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Effects of customer-based corporate reputation on perceived risk and relational outcomes: empirical evidence from gender moderation in fashion retailing

Gianfranco Walsh (Friedrich-Schiller-University of Jena, Jena, Germany)
Mario Schaarschmidt (University of Koblenz-Landau, Koblenz, Germany)
Stefan Ivens (University of Koblenz-Landau, Koblenz, Germany)

Journal of Product & Brand Management

ISSN: 1061-0421

Article publication date: 15 May 2017

Abstract

Purpose

Given the strategic importance of firm reputation because of its potential for value creation, extant reputation research focuses on favorable customer outcomes. This study proposes and tests a model that relates the customer-based corporate reputation (CBR) of fashion retailers to customer-perceived risk and two relational outcomes – trust and commitment. In addition, this study aims to test whether or not the hypothesized paths are equally strong for male and female shoppers.

Design/methodology/approach

Data for this study were collected through an online survey approach. Using a sample of more than 300 retail customers and structural equation modeling, the authors tested the hypotheses.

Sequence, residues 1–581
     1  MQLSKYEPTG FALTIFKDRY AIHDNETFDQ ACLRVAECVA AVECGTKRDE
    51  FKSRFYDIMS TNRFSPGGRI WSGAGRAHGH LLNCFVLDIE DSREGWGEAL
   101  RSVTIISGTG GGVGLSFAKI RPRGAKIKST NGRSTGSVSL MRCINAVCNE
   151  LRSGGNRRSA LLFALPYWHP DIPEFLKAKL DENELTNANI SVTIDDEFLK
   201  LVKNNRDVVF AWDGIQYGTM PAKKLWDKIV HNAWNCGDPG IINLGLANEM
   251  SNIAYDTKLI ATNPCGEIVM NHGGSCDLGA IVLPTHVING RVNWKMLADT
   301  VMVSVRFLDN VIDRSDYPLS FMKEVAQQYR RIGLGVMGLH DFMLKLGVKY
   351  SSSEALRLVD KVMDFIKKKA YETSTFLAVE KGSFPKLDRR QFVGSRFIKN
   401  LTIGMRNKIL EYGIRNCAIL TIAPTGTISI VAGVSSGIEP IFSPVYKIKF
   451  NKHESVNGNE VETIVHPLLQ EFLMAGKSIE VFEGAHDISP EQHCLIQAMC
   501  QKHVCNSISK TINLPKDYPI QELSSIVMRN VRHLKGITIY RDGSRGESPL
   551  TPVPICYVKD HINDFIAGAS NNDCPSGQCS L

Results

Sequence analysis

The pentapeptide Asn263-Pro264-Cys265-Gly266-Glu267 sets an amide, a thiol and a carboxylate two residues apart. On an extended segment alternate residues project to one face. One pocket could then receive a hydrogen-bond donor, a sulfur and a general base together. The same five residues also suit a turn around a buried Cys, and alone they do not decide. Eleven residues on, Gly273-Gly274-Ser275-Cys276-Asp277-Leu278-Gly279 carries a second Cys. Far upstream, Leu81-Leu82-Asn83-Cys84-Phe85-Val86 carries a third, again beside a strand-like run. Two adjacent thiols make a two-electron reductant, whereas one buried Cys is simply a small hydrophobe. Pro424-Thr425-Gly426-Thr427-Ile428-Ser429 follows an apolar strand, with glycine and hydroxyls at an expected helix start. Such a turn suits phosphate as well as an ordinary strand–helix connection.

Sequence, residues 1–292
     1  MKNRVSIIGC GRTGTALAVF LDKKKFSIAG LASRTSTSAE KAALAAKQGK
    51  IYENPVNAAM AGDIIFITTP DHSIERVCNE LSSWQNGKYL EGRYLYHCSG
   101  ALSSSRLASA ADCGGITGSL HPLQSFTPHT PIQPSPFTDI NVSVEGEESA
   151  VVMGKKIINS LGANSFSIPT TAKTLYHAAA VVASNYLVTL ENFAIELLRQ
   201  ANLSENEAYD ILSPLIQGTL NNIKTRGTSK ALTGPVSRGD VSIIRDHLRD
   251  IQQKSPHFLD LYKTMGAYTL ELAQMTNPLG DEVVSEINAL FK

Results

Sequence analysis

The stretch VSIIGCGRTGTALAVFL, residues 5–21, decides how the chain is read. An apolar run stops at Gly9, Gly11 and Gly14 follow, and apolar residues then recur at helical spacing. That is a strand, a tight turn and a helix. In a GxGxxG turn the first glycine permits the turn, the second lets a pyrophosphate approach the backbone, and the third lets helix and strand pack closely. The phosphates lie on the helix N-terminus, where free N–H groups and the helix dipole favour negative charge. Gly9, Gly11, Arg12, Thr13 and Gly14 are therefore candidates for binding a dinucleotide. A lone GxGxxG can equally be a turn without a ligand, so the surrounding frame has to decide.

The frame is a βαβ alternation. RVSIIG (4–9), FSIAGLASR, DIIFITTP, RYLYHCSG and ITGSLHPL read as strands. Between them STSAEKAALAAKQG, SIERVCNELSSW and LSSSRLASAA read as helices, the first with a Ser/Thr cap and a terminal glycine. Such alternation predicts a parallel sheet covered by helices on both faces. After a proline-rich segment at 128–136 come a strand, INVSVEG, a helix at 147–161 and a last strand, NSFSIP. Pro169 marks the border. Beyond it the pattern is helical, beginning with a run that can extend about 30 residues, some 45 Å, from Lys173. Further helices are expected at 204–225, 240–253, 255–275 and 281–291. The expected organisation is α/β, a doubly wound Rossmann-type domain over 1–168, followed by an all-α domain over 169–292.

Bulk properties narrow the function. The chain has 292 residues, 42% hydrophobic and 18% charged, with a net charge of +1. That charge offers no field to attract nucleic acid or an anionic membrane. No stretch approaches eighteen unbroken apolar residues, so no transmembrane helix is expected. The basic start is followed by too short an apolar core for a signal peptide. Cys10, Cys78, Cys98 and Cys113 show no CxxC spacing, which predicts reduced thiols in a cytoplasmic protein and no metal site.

Findings

Drawing on previous research, the commitment–trust theory of relationship marketing and signaling theory, the authors find support for direct and indirect links between retailers’ reputation and relational outcomes, the intervening role of perceived risk and the partially moderational role of gender.

Practical implications

The findings of this research suggest that a retailer’s positive reputation can reduce customers’ risk and engender trust, which in turn promotes customer commitment.

Originality/value

A growing number of examples suggests that retailers (specially fashion retailers) need to manage their reputation, which can come under threat in myriad ways, and its outcomes. However, so far, no individual study empirically investigated any of these reputation outcomes simultaneously or considered gender differences. Thus, the authors address an important research gap by examining the mechanism through which CBR affects relevant customer outcomes and by considering contextual factors.

Keywords

Acknowledgements

This research was partly funded by the Oxford University Centre for Corporate Reputation.

Citation

Walsh, G., Schaarschmidt, M. and Ivens, S. (2017), "Effects of customer-based corporate reputation on perceived risk and relational outcomes: empirical evidence from gender moderation in fashion retailing", Journal of Product & Brand Management, Vol. 26 No. 3, pp. 227-238. https://doi.org/10.1108/JPBM-07-2016-1267

Publisher

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Emerald Publishing Limited

Copyright © 2017, Emerald Publishing Limited